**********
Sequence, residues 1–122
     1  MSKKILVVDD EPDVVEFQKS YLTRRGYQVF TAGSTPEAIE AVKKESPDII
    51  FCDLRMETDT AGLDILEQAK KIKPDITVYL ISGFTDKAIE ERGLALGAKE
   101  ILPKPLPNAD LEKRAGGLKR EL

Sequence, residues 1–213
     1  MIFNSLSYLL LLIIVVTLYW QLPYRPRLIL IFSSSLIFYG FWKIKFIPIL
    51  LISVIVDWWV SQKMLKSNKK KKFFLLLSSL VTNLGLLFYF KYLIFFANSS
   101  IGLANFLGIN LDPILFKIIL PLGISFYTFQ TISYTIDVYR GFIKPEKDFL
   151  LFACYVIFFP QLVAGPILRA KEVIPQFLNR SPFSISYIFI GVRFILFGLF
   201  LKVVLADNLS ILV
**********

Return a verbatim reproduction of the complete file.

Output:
Sequence, residues 1–122
     1  MSKKILVVDD EPDVVEFQKS YLTRRGYQVF TAGSTPEAIE AVKKESPDII
    51  FCDLRMETDT AGLDILEQAK KIKPDITVYL ISGFTDKAIE ERGLALGAKE
   101  ILPKPLPNAD LEKRAGGLKR EL

Sequence, residues 1–213
     1  MIFNSLSYLL LLIIVVTLYW QLPYRPRLIL IFSSSLIFYG FWKIKFIPIL
    51  LISVIVDWWV SQKMLKSNKK KKFFLLLSSL VTNLGLLFYF KYLIFFANSS
   101  IGLANFLGIN LDPILFKIIL PLGISFYTFQ TISYTIDVYR GFIKPEKDFL
   151  LFACYVIFFP QLVAGPILRA KEVIPQFLNR SPFSISYIFI GVRFILFGLF
   201  LKVVLADNLS ILV